“No ocean’s wide enough, no wall’s high enough, to keep us safe.”
With this as preface, President Joe Biden announced last week that the United States will donate 20 million doses of Pfizer-BioNTech, Moderna and Johnson & Johnson from its own supply – all approved for domestic use – to countries in need. These will be sent abroad in June, in addition to the 60 million doses of AstraZeneca Biden has pledged to donate.
We still don’t know if the Philippines will be on the list of recipients although I expect that Filipino-American groups and our embassy in Washington, DC will actively lobby for a share – as they have been doing for the AstraZeneca vaccines.
Biden’s move was in response to a clamor from the World Health Organization, UNICEF and activist groups for America and other wealthy countries to help vaccinate the rest of the world. “… I urge them to reconsider [vaccinating adolescents] and to instead donate vaccines to #COVAX,” WHO chief Tedros Adhanom Ghebreyesus told a virtual meeting in Geneva.
The Economist urged Biden to do the same. The magazine wrote: “If Mr Biden really wants to make a difference, he can donate vaccines right now through Covax. Rich countries over-ordered because they did not know which vaccines would work. Britain has ordered more than nine doses for each adult, Canada more than 13. These will be urgently needed elsewhere… The rich world should not stockpile boosters to cover the population many times over on the off-chance that they may be needed. In the next six months, this could yield billions of doses of vaccine.”
Countries like ours are just starting to vaccinate. As of mid-May, around 2.06% of our population have received the first of two doses of the vaccine. Those who have taken both jabs represent around 0.66% of the population. We still have a painfully long way to go.
The private sector gives us a ray of hope. In an unprecedented move, companies have gotten together – including competitors – to organize a massive vaccination drive for employees and their families in what has been dubbed “Ingat Angat Bakuna Lahat.”
Like a world war
Biden likened the horrific predicament we’re in now to the past world war with the US playing a vital role: “Just as in World War II America was the arsenal of democracy, in the battle against the Covid-19 pandemic our nation’s going to be the arsenal of vaccines for the rest of the world.”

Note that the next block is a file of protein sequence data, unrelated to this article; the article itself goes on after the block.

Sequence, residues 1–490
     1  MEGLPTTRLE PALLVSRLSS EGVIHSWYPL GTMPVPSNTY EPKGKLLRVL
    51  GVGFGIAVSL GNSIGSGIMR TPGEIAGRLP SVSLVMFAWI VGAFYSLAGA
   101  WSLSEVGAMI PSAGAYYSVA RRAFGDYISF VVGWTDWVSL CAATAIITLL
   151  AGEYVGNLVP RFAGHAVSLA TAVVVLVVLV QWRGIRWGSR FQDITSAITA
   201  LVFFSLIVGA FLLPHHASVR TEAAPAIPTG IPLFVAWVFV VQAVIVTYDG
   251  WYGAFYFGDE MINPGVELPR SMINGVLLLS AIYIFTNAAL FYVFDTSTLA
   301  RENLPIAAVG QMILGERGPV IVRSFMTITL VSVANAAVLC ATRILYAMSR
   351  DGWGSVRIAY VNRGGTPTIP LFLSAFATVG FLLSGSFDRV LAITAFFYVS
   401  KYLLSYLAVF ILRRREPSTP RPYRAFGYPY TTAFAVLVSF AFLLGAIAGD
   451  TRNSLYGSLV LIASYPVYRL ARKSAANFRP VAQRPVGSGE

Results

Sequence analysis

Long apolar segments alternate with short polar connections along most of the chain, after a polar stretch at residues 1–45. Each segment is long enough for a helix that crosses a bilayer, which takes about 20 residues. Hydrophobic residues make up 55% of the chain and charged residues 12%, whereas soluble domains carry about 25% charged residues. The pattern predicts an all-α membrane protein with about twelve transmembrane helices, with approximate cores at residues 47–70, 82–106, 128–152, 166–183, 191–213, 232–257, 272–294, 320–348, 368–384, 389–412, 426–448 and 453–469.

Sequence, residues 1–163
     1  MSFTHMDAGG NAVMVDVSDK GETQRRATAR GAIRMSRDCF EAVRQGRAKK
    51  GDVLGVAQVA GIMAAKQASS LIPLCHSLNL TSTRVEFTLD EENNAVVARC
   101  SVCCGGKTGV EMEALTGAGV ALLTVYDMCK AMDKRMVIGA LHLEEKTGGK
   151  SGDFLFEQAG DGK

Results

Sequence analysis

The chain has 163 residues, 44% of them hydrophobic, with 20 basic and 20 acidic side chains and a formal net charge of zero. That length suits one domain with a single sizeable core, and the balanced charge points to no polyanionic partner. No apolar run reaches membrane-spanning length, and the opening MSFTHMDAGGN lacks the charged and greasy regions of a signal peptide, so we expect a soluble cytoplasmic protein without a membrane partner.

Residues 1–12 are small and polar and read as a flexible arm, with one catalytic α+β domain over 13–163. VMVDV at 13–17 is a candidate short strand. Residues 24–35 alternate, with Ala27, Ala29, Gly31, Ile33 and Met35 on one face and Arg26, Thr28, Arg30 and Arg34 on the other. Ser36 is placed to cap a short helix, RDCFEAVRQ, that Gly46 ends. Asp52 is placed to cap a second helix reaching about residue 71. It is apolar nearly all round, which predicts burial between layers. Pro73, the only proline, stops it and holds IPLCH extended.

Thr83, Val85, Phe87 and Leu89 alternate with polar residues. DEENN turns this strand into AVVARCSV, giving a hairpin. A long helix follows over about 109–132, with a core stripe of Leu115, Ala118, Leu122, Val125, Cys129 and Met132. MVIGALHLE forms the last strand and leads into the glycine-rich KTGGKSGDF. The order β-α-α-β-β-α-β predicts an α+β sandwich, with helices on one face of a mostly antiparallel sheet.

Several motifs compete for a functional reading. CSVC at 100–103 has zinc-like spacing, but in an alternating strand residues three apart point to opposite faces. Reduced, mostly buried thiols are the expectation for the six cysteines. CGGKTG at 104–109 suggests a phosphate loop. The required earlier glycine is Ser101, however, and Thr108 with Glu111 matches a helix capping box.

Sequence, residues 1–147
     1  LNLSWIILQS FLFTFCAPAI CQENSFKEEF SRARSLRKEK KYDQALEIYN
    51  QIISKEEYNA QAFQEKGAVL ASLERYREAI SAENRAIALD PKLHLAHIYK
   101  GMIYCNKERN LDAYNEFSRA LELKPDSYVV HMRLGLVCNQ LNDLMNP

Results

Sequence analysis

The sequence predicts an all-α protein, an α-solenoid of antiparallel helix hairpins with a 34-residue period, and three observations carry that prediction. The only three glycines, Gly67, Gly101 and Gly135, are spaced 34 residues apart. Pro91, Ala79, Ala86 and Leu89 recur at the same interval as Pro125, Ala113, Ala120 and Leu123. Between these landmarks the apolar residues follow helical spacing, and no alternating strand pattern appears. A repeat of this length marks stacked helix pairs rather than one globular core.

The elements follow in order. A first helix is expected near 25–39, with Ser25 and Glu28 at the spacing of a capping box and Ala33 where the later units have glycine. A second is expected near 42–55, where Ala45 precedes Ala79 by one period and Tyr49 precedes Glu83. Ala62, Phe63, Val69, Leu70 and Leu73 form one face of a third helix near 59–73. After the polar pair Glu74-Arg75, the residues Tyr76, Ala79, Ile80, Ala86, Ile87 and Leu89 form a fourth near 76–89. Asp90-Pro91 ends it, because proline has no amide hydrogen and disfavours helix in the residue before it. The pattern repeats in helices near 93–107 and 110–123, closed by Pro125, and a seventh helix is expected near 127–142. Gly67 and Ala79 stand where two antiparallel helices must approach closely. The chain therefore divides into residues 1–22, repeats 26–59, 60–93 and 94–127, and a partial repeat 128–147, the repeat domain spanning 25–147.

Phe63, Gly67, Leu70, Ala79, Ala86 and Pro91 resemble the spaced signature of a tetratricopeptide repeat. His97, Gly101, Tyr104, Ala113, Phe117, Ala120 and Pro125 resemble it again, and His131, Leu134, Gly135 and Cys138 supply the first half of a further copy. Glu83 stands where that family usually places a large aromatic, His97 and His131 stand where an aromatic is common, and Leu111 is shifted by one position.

The number of lives lost has reached 10 million, according to The Economist which based this on its modelling study: “Our model suggests that COVID-19 has already claimed 7.1m-12.7m lives. Our central estimate is that 10m people have died who would otherwise be living.”
This is much more than the total of 3.5 million reported deaths due to COVID-19.
Here in the Philippines, we’ve avoided comparing the pandemic to a war because of the horrors President Duterte’s drug war has inflicted on us, leaving thousands dead, searing our memories.
The first lockdown in March 2020, the longest and most stringent in Asia, had shades of a war: at least one was killed by policemen for supposedly violating lockdown rules; thousands were arrested for not observing curfew; and netizens who criticized the government’s inept response to the pandemic were either detained or harassed.
Looking back at history, however, this pandemic, in a way, is our generation’s World War II. I heard this comparison first from Bill Gates who wrote: “Just as World War II was the defining event for my parents’ generation, the COVID-19 pandemic will define the generations living through it right now.”
I couldn’t think of any other epic life-threatening global phenomenon that baby boomers have been through. This pandemic is it.
This must be the reason I’ve been reading novels set in World War II, to travel back in time and vicariously experience what our parents and elders went through. It was a dangerous and cruel time, when deaths stole people away, when anger and grief consumed many.
Perhaps, I also want to know that our sufferings today are not as devastating as those caused by the war. I want to seek solace in the thought that we’re still better off, with the healing grace of vaccines and global cooperation – despite the scars this pandemic has left us.
Like those who survived World War II, I like to think that we will emerge from this mega-crisis stronger in spirit and wiser in deeds and words.